This summer, we’ve been treated to lamentations by official Burlington — and wildly outlandish claims from rural conservatives — about the onslaught of violent crime that threatens the peace and tranquility of the Queen City (group A) or has turned Burlington into a lawless hellhole (group B).
Well, the ACLU of Vermont is calling bullshit. In a thorough and well-researched letter to Mayor Miro, ACLU-VT’s general counsel Jay Diaz demolishes the lamentations and presents a strong case for the idea that actually, Burlington is a lot safer than it was a few years ago despite the shrinkage in the Police Department.
Man, the facts can be so inconvenient, can’t they?
The letter is well worth reading in its entirety, but here are some highlights.
This week’s report from the Intergovernmental Panel on Stupid shone a bright light on the existential threat posed by rising levels of stupidity. The IPS says atmospheric releases of stupid are reaching all-time highs, imperiling our capacity to respond to serious issues. This new crop of Veepies gives a measure of validation to the report; we’ve got some real doozies on our hands, folks.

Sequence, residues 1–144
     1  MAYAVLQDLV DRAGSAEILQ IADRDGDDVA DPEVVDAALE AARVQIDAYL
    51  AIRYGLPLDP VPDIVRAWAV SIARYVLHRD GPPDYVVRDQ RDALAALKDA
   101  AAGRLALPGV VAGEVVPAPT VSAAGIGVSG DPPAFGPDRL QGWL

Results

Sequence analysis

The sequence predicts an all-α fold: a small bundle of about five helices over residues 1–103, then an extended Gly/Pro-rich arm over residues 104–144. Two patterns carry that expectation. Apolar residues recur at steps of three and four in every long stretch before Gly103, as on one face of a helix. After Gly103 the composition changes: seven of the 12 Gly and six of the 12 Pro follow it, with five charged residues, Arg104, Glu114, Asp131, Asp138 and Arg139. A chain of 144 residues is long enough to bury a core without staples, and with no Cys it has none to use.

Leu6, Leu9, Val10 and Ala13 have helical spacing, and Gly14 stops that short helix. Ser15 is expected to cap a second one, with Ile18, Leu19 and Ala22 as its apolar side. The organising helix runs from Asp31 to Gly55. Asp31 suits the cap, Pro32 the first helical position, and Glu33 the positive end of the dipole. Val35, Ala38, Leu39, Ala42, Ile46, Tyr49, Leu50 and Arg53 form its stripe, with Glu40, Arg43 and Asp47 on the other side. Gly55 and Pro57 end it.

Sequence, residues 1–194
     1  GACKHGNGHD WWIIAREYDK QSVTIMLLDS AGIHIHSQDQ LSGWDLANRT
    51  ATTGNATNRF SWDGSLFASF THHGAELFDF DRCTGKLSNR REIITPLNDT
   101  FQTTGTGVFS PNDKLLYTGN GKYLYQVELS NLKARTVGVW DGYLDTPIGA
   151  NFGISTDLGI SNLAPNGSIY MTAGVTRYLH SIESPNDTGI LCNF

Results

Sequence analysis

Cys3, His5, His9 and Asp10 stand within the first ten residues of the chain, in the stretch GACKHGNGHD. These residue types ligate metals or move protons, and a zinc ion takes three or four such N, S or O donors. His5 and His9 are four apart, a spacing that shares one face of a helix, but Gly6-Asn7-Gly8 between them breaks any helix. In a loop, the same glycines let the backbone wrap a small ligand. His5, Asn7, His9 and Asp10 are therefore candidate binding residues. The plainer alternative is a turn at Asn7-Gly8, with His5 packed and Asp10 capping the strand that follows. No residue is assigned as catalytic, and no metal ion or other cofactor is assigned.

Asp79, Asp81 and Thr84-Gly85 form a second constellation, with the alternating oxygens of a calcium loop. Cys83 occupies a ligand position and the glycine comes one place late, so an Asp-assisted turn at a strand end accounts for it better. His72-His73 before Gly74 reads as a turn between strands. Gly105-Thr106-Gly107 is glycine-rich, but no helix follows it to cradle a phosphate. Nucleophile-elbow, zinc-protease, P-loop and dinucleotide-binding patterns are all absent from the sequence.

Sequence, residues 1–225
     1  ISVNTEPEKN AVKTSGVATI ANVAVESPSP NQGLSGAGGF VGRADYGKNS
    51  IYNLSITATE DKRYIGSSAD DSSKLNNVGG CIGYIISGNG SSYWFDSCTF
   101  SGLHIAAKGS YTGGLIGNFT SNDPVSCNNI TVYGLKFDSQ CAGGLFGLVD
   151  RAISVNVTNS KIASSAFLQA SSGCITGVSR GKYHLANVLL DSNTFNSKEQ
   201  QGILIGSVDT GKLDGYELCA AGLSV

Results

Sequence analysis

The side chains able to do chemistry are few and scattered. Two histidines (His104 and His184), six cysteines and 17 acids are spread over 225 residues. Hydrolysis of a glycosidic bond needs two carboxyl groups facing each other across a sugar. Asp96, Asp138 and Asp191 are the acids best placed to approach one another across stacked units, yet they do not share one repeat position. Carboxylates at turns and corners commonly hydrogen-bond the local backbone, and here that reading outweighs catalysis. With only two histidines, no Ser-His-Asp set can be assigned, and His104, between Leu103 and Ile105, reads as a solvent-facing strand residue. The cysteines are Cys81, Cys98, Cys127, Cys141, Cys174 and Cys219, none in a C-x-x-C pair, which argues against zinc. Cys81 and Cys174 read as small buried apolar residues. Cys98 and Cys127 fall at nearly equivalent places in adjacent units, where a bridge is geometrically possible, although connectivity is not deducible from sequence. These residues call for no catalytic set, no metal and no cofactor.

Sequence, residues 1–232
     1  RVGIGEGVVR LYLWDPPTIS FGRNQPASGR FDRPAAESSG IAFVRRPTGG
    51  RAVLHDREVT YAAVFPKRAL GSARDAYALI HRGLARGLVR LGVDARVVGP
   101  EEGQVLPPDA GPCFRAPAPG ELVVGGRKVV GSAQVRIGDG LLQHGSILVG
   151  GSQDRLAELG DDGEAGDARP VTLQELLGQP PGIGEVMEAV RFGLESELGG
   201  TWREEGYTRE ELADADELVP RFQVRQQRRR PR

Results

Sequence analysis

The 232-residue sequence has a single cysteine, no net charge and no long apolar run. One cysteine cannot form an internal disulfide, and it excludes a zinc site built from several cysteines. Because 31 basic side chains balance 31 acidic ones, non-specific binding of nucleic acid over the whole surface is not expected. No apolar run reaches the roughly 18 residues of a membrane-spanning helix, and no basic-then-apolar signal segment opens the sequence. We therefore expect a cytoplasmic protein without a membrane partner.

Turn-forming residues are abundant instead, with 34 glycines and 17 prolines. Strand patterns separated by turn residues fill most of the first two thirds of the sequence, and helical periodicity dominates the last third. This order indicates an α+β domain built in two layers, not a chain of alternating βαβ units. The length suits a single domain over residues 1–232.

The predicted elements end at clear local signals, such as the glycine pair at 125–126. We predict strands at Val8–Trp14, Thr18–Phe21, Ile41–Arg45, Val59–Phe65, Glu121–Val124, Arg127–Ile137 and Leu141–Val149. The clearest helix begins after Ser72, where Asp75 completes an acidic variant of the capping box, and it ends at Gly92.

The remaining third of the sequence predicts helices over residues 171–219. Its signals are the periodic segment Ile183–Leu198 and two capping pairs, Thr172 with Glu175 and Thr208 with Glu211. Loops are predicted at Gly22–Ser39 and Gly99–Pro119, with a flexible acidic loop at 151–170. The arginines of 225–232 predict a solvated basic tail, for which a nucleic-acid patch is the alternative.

The Tucker Carlson Memorial Award for Profitable Fearmongering goes to Chelsea Green Publishing. The firm that has produced quite a few notable books in the earth-friendly category has a hit on its hands, not to mention blood. Earlier this year, CG published a book co-authored by Joseph Mercola, “the world’s leading source of online coronavirus misinformation.” And the book, “The Truth About Covid-19,” lives up to the author’s reputation.
The book, per the Valley News, asserts that “the pandemic was preplanned as a tool of global elites who want to strengthen their control of the economy.” It also casts doubt on coronavirus vaccines, while promoting supplements sold by, ahem, Joseph Mercola. The book has already sold 250,000 copies
To judge by her comments, CG president Margo Baldwin is a Covid denier herself. She claims the book went through a rigorous editorial process, and blamed the mainstream media for “creating a climate of fear and misinformation.” I have a few CG books on my shelf; rest assured I won’t be buying any more.
Still to come: Another cock-up at UVM, a deeply flawed “survey” from Burlington, and the Bennington cops get a meaningless bauble.